Soon after we proposed the CSS Regions in 2011, it became obvious that we have to allow content creators a good APIs for interacting with CSS regions. In this regard, the CSS Object Model (CSSOM) addition to the W3C CSS Regions specification defined the appropriate mechanisms to determine if there are enough regions to flow all the content from a named flow. Authors are thus able to find the best way to present the information to their users, in different screen sizes and orientations.
We completed work on the CSSOM part and got it in-line with the latest version of the specification. When the patch for WebKit bug 97657 landed in WebKit trunk that removed the deprecated API
Document.getFlowByName, the CSSOM part of the W3C specification and the implementation moved closer to a final, more mature and stable version. We felt this was a good time to take a look back, enjoy this milestone and share some of our thoughts about the journey we took to reach here.
The Region interface
Following the feedback from the community, we realized how important is to allow non-element CSS boxes to become regions as well. For this reason, the latest version of the specification defines a Region interface containing all the region-related methods which were previously specified on the
Element interface. Naturally, the
Element interface implements the
Region interface. However, when we decided to implement the
Region supplemental interface in WebKit, we realized that this would entail a bigger amount of work and changes than we initially thought.
We asked the WebKit community for their feedback on the webkit-dev mailing list. Adam Barth was especially helpful, giving us great feedback and suggestions. So for now, we are keeping the region attributes and functions on the
Element interface, which is the only one implementing the
Region interface. We will revisit the implementation to provide a more advanced solution when other objects will require the implementation of the the
Region interface. We also filed a WebKit bug to make sure we do not forget about it when the time comes :).
The named flow lifetime
One other major area that we have now found made clear, both in the W3C specification and implementation, was the lifetime of the named flow object. The named flow object is the CSSOM counterpart of the flow thread concept and its lifetime resembles the lifetime of other CSSOM objects. Implementing the named flow lifetime in WebKit proved more challenging than we initially thought, as we encountered some crashes that we have since managed to fix.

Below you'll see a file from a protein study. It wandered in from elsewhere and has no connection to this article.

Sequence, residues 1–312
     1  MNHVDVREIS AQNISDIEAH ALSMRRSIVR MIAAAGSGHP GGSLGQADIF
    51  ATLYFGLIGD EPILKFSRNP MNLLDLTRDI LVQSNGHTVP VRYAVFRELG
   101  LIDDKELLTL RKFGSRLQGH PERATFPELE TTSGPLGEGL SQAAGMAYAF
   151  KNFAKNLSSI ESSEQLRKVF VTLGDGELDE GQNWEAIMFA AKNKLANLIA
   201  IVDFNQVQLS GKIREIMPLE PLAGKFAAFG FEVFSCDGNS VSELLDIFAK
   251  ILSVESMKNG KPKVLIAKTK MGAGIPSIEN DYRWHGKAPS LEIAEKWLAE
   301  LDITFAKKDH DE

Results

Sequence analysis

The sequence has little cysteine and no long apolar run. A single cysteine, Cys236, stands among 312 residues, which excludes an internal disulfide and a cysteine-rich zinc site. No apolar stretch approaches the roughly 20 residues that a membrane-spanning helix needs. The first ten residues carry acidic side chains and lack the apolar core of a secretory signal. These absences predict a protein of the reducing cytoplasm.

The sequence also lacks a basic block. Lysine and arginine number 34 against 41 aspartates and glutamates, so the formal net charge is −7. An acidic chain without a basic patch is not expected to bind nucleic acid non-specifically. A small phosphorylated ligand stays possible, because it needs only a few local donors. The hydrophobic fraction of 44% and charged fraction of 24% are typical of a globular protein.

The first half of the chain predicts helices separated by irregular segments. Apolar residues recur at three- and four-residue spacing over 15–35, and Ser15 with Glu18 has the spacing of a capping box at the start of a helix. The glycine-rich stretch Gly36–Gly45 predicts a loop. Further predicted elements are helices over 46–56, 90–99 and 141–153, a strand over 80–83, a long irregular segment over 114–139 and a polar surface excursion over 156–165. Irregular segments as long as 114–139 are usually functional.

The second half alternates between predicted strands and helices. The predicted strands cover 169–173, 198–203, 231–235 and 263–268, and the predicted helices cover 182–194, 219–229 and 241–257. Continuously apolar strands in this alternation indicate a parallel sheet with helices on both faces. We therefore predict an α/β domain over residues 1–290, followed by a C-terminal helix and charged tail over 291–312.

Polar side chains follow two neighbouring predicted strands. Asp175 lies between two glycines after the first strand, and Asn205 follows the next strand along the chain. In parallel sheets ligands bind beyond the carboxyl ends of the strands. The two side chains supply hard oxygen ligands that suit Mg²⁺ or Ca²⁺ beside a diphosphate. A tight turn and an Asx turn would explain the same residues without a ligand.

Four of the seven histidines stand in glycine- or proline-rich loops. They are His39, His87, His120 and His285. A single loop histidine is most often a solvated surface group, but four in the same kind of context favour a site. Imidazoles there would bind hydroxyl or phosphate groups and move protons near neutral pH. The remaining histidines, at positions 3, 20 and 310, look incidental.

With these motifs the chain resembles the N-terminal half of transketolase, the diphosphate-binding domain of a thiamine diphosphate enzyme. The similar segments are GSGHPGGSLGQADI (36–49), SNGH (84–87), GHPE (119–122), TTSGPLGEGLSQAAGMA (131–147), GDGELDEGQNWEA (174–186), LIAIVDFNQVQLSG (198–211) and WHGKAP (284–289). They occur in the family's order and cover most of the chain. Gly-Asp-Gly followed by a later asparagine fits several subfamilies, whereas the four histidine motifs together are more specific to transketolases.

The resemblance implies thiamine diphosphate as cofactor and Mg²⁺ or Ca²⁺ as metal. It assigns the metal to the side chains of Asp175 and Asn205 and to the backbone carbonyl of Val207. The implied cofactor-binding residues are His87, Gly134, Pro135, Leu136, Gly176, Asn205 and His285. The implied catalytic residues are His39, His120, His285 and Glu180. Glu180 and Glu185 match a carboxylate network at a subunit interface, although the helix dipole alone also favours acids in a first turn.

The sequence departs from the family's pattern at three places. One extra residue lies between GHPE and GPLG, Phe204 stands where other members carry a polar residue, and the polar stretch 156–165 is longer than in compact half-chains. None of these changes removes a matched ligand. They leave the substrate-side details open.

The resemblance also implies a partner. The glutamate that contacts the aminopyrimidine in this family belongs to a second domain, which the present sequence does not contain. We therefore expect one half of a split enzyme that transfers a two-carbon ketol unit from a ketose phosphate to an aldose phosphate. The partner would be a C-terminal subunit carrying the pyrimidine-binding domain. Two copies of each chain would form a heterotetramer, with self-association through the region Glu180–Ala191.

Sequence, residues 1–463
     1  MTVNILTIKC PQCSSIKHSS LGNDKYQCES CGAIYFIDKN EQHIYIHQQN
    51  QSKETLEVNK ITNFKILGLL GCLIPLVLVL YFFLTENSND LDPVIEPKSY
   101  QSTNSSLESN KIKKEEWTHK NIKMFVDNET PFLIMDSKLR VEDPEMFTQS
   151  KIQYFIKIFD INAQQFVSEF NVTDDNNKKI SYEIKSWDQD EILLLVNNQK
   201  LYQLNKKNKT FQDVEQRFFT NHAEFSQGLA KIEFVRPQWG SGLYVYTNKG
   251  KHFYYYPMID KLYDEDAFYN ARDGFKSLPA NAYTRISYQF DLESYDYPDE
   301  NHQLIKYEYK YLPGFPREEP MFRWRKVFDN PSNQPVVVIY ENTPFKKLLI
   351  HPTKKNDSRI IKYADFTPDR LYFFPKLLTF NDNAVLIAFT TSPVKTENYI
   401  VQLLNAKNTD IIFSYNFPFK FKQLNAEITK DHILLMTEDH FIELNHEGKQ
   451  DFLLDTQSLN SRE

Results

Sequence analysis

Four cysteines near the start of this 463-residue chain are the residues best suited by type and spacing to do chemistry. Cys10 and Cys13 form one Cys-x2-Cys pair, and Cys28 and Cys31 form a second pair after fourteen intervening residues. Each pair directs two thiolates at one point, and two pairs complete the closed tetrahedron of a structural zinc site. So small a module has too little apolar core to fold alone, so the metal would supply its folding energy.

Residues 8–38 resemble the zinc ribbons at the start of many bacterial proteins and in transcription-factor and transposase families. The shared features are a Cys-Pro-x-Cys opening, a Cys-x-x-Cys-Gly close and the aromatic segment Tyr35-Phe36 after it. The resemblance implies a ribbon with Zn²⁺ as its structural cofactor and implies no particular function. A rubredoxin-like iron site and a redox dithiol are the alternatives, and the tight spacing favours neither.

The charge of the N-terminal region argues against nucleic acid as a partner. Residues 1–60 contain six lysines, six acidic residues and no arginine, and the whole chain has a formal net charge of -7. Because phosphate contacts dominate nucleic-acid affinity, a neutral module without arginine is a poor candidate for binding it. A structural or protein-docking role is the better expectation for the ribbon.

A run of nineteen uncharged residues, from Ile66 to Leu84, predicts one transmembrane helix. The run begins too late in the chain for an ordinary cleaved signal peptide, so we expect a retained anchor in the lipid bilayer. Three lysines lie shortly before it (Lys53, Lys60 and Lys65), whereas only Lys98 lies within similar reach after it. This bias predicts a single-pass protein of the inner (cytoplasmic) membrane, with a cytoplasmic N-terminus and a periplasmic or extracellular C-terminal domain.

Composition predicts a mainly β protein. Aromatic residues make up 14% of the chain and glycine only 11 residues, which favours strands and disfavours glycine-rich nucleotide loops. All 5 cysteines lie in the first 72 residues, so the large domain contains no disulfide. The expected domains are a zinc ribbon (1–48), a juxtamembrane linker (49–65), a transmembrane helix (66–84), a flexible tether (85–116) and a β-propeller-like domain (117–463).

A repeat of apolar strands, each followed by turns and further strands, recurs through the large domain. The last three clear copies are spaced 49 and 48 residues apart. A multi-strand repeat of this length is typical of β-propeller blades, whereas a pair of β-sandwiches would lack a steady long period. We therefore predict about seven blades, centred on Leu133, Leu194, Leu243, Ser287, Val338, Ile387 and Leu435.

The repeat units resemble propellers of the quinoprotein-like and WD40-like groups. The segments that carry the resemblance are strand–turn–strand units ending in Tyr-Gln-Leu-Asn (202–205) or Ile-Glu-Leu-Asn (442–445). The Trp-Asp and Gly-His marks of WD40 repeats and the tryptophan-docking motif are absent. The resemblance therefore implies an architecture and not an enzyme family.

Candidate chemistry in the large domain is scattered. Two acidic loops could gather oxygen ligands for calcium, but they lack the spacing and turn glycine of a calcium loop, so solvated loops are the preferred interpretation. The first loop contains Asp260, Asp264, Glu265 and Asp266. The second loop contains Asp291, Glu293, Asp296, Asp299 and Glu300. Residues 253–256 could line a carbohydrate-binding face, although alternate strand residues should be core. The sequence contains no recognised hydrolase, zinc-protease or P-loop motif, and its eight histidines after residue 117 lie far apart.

Getting the named flows for a document is much easier these days, thanks to Tab Atkins’ suggestion for exposing a named flow collection on the
Document interface. The items from the
NamedFlowCollection can be retrieved either by name or by index, so the developers can use whatever they prefer. The addition of the
NamedFlowCollection allowed us to remove the old way of obtaining a named flow from a
Document, which forced the developer to know the flow name in advance to accomplish their goals.
The road ahead
Among other things worth mentioning, I would point out the clarification of static versus live collections in regions CSSOM. Right now, all of our returned collections are static snapshots of the underlying data. In the future, we do not foresee any major changes for the APIs, both in the W3C specification and in the WebKit implementation. We still need to clarify the behavior of the
NamedFlow asynchronous regionLayoutUpdate event, implement the
getComputedStyleInRegion method that will allow users to inspect the computed style of an element displayed in a region having region styling rules and also finish the WebKit implementation of the
Developing a feature like CSS Regions in the public space has proved extremely helpful (e.g., getting code reviews, scrutiny on interaction with other features, discussions on alternate designs). In this case, the web community involvement has been essential to create an emerging CSS standard supported by a rock-solid implementation.
We think that CSS Regions provide both a powerful and clear object model as well as an up-to-date implementation in WebKit. Please try out these demos on CSS Regions and create your own too! We would love to hear your opinion on regions and their exposed object model.
Stay tuned for more CSS Regions news!